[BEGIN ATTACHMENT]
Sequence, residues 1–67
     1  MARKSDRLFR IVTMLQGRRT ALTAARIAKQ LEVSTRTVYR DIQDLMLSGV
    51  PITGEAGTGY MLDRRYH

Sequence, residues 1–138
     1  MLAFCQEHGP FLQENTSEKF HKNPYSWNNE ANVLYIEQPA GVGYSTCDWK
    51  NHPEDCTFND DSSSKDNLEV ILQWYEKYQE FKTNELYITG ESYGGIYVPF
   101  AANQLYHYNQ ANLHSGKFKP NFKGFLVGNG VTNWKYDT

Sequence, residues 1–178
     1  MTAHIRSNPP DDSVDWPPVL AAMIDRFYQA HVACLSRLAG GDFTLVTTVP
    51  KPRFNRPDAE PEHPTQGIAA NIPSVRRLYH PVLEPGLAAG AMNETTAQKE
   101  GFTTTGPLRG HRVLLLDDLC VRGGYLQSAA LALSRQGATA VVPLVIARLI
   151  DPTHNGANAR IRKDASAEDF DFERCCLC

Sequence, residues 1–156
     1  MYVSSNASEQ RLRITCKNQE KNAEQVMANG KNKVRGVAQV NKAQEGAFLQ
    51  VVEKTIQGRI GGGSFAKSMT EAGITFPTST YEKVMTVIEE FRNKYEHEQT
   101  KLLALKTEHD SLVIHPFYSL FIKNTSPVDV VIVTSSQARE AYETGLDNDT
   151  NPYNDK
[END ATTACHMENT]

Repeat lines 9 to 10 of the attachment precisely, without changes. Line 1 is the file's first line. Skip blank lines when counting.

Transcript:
     1  MTAHIRSNPP DDSVDWPPVL AAMIDRFYQA HVACLSRLAG GDFTLVTTVP
    51  KPRFNRPDAE PEHPTQGIAA NIPSVRRLYH PVLEPGLAAG AMNETTAQKE